Airlines in Asia have often had lower fares than those in Europe or the United States. Recently there’s been an explosion of discount airlines added to the mix.
The majority of these low cost airlines operate in and out of countries in Southeast Asia but you’ll also see cheap flights to other countries in Asia as well.
How do they do it?
So, how do they do it? Why do airfares on the big airlines cost hundreds of dollars while the same flights to the same locations sometimes are offered for dirt cheap prices by the low cost airlines?
Here are some of the ways low cost airlines are able to cut their costs and pass the savings on to you:
Less customer service Many airlines take only online bookings and if a problem arises it can be quite a chore to get ahold of someone who can help you.
No frills When you buy your ticket you’re buying a seat on the plane and that’s pretty much it. There’s no entertainment on board and if there are food and drinks available you have to order them a la carte off a high priced menu.
Upselling From the time you go online to when you’re sitting on the plane you’ll be constantly barraged with upselling. You’ll be offered everything from priority seating to scratch off lottery tickets. Just take it in stride, sit back, and enjoy the show as your flight attendants turn into buskers.
Off peak times The cheapest flights are almost always late at night or early in the morning. It’s not unusual to see discount airlines offer flights at 11:30 at night or 4:00 in the morning.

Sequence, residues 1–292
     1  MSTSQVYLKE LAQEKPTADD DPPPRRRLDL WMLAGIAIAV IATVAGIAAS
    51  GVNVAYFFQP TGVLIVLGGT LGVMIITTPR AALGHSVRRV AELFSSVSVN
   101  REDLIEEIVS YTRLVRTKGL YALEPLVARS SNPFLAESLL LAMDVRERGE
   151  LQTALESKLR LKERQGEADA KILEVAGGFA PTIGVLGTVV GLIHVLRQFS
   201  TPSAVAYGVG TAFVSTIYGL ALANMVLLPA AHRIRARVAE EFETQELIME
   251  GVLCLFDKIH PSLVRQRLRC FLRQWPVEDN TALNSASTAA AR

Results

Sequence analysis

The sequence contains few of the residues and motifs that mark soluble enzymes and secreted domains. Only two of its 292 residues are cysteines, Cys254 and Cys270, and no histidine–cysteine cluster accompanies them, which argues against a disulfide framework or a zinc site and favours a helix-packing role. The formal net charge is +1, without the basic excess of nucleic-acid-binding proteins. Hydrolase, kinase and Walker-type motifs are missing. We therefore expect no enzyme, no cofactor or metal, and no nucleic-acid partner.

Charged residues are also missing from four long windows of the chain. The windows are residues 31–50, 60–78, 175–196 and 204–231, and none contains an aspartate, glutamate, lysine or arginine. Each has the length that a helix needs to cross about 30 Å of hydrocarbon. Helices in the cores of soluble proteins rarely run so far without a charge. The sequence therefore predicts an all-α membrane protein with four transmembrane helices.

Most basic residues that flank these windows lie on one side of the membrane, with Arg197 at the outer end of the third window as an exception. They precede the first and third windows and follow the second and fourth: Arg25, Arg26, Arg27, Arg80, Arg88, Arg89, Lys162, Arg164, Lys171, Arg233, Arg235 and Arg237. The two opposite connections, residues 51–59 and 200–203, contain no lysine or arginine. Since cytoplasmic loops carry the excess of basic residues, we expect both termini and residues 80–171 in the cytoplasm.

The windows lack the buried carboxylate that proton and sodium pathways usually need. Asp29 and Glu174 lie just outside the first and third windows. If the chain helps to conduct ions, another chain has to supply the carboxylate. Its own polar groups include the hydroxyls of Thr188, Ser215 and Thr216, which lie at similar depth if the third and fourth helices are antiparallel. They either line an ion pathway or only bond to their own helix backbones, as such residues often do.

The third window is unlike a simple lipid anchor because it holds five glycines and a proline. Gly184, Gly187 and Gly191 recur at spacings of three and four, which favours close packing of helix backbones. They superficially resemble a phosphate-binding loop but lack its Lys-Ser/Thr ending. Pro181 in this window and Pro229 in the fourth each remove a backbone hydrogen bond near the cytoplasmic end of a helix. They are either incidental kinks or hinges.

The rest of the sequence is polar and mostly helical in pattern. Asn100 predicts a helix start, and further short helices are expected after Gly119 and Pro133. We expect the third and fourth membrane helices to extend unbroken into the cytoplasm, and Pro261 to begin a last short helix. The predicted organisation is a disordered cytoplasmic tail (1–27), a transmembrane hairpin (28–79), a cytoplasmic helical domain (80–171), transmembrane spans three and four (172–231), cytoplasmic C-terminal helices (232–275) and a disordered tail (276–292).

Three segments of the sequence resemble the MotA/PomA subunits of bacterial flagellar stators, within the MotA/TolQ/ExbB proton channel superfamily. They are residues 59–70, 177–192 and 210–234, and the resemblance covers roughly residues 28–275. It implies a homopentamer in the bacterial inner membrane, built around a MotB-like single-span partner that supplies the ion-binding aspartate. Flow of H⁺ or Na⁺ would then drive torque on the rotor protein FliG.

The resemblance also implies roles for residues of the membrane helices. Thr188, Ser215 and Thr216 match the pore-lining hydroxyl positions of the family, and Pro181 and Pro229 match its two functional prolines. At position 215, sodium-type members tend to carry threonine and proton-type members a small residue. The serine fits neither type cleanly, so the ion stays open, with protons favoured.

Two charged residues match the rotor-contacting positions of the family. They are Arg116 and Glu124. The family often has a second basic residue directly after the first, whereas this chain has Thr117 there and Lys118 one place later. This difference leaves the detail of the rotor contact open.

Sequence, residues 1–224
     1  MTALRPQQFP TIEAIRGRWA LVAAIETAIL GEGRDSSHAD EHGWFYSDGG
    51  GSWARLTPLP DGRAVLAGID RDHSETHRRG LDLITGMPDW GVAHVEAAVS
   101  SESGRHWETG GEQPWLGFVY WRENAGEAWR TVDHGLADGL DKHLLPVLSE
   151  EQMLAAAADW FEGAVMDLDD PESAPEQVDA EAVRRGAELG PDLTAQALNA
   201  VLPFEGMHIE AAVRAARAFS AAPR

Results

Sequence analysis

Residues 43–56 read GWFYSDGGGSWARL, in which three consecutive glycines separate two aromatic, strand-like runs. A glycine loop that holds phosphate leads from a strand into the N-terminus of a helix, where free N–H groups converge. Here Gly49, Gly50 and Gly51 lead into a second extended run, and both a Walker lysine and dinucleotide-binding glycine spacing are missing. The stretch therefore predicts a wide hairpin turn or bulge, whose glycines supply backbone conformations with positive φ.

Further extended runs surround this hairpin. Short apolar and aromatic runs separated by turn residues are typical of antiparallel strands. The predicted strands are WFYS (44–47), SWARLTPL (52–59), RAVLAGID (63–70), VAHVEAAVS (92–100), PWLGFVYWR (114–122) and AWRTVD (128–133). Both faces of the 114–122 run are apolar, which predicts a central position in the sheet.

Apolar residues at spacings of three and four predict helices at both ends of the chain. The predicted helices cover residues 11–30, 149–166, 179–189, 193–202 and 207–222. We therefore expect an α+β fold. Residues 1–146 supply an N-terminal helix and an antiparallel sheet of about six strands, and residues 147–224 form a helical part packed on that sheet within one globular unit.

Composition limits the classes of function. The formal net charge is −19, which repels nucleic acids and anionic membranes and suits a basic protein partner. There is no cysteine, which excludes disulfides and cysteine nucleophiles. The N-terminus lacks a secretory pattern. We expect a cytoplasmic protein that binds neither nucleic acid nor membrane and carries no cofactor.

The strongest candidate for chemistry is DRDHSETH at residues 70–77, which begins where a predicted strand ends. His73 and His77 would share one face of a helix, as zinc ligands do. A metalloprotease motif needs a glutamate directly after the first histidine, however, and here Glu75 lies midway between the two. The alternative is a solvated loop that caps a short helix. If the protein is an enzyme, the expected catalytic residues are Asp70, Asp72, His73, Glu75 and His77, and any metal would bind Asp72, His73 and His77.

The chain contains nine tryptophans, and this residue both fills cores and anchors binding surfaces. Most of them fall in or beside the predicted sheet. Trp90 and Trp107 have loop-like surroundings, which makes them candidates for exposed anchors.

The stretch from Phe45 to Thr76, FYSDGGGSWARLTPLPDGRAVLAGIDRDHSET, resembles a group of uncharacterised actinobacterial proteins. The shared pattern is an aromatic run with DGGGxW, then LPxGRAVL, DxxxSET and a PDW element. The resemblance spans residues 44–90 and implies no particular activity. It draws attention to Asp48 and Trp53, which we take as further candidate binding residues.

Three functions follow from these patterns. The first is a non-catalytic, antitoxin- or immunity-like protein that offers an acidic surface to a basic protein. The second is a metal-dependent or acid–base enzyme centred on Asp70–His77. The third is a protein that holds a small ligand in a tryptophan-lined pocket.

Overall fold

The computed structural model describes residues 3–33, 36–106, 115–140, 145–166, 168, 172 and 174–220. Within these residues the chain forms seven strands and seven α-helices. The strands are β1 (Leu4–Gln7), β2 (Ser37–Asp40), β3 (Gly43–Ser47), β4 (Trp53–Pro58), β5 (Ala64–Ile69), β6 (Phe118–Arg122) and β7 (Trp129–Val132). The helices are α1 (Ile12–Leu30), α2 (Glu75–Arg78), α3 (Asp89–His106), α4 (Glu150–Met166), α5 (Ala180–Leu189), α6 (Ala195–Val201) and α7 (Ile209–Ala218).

Secondary airports Alot of low cost airlines will fly in and out of secondary airports that charge lower landing fees. They’re also less congested which means there’s less danger of flight delays which costs the airlines money.
If your flight is in the early morning hours, transit may not be running and you may be faced with an expensive taxi ride!
Low cost airlines
There are quite a few low cost airlines operating throughout Asia. Some are more localized and only fly in and out of certain countries.
Here are links to some of the more popular budget airlines in Asia:
Extra fees are the bread and butter of low cost airlines. Every year they catch countless unprepared passengers who end up paying much more than they had to.
For the most part, if you’re prepared, follow the rules, and read the fine print you should be fine. Here’s some common things low cost airlines will charge you for.
Check-in fee The majority of discount airlines require you to check in online and not at the airport. If you forget they’ll charge you a huge fee up to $150 to do it at the check-in desk.
Boarding card fee If your airline requires you to have a boarding card ticket, you’ll have to print it yourself on your own printer (A4 paper only). Failing to do this will incur a fee.
Bag check A carryon bag is almost always free but airlines are very strict about it’s size and weight. They will carefully scrutinize your bag and if it doesn’t meet their strict standards they’ll require you to check it for an extra fee.
Rule of thumb
Change ticket fee Double check everything before pressing the “purchase” button online. If you spelled your name wrong or your passport number is wrong or heaven forbid the dates are wrong, you’ll have to pay an extra fee to change it. The fee is so large sometimes that it’s actually cheaper to just throw your ticket away and purchase a new one.
Credit card fee Not a big fee but considering tickets are sold exclusively online and only credit cards can be used, everyone will have to pay a fee of usually 2% on top of their ticket price.
Priority seating Some airlines will allow you to choose the seat you want for a fee. Others don’t assign any seating and it’s first come, first serve. With these airlines you can purchase priority seating that allows you to board before the other cattle.